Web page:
Hey all, I’m back with the concluding chapter in our series on body literacy. In part 1, we defined body literacy. In part 2, we dove a little deeper to discuss why body literacy matters. And in part 3, I will be sharing ideas on ways to become more body literate!
Learning from different sources can help you gain well-rounded knowledge. And while physiology and biology are fairly standard, the experience of health and wellness changes from person to person. So, learning about health and wellness from multiple sources will only benefit you. Here’s what I recommend:
If you are a teen, your parents can be an enormous source of information when it comes to body literacy. If you are blood-related, they can inform you on genetic health concerns that run in the family. In turn, this can help you better understand your own health and hopefully drive healthy decisions. If you are not blood-related to your parents, they can be a great source of support while you seek out your own genetic history.
One of the first books I read about women’s health was ‘Our Bodies, Ourselves,’ and I fully believed it changed my life. Seeking out health-related books can be invaluable to your lived experience. You can find a book about pretty much any niche topic these days, which means you can tailor the information you want to learn to your unique needs.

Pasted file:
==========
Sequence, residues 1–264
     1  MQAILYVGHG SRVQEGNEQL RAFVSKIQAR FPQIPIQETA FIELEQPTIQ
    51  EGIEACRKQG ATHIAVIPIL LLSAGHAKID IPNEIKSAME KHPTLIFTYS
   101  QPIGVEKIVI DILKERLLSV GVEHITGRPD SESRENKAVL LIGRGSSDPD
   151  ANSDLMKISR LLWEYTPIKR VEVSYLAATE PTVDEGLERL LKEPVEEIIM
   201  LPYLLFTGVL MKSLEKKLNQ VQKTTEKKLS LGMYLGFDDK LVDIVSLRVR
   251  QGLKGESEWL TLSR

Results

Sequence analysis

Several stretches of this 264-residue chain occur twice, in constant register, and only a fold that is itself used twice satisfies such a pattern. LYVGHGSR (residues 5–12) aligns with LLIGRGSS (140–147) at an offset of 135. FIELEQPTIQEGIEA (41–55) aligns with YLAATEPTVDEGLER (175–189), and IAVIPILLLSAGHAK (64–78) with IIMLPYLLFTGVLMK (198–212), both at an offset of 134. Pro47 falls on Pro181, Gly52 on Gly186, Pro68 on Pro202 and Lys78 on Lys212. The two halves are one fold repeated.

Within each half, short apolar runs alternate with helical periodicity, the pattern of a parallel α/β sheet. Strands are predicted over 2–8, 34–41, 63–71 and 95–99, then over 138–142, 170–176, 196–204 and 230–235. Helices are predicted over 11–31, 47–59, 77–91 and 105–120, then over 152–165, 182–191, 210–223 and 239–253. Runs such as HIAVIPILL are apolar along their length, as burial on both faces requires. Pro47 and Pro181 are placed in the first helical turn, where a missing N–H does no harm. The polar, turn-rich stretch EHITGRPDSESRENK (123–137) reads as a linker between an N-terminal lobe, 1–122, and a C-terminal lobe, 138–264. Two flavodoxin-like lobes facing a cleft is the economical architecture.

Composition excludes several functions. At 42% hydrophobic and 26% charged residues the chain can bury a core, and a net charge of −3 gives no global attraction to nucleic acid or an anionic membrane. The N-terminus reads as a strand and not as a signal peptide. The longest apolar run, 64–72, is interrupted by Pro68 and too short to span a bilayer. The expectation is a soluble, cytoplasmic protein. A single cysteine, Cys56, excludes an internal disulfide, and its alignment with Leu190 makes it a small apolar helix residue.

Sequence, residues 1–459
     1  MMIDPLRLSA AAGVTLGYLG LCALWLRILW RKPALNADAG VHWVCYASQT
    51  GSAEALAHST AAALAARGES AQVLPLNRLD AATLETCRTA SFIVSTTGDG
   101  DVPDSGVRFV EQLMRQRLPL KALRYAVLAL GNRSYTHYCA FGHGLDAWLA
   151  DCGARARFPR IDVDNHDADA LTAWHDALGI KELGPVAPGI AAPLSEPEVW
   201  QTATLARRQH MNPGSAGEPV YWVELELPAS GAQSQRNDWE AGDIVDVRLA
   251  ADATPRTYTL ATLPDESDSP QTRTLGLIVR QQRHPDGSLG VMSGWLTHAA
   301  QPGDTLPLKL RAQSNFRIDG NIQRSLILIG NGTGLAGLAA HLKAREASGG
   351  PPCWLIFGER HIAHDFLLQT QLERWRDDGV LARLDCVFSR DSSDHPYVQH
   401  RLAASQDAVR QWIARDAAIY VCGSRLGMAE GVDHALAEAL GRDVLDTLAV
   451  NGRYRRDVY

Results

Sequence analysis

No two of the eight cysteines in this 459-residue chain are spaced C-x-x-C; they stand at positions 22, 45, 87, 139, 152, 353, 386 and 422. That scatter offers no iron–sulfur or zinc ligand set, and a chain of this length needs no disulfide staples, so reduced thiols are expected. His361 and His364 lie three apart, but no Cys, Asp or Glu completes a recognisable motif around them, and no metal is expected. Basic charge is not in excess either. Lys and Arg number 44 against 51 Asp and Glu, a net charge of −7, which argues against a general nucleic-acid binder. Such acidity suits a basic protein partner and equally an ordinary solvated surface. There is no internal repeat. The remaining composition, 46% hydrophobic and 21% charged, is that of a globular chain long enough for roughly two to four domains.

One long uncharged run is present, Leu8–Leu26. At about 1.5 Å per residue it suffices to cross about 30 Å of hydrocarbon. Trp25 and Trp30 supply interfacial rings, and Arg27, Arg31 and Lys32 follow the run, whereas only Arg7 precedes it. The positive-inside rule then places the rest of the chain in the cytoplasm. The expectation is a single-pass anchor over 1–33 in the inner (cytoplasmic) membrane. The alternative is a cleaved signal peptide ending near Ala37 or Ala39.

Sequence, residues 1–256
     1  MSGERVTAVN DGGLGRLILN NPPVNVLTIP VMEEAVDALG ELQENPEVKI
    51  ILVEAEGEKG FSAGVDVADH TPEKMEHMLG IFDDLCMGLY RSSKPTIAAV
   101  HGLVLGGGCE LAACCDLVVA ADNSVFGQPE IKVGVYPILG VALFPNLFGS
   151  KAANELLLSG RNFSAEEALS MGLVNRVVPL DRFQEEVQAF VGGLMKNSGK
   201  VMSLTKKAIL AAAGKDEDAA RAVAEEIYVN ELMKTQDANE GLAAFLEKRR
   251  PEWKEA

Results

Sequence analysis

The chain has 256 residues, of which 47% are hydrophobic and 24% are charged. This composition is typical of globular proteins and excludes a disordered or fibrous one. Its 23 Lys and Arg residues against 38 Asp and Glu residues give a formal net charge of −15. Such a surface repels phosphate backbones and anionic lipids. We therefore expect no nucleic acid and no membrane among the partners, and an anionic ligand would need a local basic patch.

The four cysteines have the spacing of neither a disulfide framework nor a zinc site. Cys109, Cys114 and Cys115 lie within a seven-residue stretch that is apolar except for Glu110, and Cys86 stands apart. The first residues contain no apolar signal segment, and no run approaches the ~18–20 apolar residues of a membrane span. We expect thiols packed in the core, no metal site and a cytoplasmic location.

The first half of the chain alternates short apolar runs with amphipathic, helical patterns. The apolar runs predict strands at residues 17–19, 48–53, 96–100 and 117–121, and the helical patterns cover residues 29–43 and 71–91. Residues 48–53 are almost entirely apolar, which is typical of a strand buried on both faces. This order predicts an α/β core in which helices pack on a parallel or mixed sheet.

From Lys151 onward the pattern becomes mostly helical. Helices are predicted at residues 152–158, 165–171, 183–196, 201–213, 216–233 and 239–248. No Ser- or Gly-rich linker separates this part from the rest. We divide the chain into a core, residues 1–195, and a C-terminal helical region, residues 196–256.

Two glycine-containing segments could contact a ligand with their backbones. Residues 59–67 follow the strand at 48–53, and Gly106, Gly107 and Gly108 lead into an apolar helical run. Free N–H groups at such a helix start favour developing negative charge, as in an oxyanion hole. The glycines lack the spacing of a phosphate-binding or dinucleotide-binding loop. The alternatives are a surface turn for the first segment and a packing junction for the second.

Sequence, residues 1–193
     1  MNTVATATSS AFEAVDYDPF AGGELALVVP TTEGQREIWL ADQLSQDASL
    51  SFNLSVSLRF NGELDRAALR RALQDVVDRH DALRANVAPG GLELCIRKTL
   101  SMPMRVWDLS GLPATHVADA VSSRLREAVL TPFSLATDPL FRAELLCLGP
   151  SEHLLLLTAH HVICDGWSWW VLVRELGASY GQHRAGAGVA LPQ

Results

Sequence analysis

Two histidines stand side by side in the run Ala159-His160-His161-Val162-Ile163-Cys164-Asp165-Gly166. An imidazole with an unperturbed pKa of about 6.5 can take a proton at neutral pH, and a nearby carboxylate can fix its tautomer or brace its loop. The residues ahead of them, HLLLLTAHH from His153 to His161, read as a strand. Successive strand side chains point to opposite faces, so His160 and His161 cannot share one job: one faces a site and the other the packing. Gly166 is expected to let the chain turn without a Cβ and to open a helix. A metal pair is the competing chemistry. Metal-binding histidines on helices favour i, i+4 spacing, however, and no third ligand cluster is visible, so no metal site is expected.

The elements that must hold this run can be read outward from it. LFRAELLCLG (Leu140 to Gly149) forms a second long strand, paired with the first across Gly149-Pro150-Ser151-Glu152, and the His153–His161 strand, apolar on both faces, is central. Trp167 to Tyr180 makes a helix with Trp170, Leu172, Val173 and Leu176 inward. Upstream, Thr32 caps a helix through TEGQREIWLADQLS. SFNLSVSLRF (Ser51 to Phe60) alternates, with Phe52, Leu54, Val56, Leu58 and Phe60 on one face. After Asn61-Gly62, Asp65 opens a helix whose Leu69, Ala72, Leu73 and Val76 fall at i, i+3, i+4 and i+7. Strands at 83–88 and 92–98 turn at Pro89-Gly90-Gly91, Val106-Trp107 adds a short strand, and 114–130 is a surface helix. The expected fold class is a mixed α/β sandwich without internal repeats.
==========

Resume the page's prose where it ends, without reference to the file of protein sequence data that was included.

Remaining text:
An amazing source of information these days is, of course, the internet. You can find chat rooms, support groups, articles and blogs, and videos on the very topic about which you are looking to learn. One word of caution about searching for health info on the internet: make sure the source is credible. Was it written by a medical professional? Are they trying to sell me something? Can the information be verified with another source? It can be really easy to learn false information, so it is important to be cautious when you are Googling your health questions.
Your healthcare provider is a great person to speak with when you are seeking out health information. They can help you understand your unique body and any specific challenges you might face based on your health and family history. Don’t be afraid to ask your doctor or practitioner questions, they can offer great insight on body systems and healthy functions.
Teachers and educators can be very helpful when you want to learn about health and wellness. Many health teachers and educators are specially trained on specific subjects and can offer a more in-depth approach to the topic of your curiosity. They might also offer advice, suggest books for you to read, classes or groups for you to join, and are usually more than willing to help you talk out your concerns.
As with anything, don’t just take one person’s word for it. If you have a specific question about a health concern that affects you, seek out multiple sources to verify what you have learned. Sometimes people unknowingly spread misinformation, so, if you seek out various sources, it will help you identify any incorrect information and replace it with knowledge that is more accurate. At the end of the day, you are the only one responsible for you health. You are in charge of your body, the knowledge you seek, and the choices you make. Body literacy can help you be the best you and live your most fulfilling life. Knowledge is power!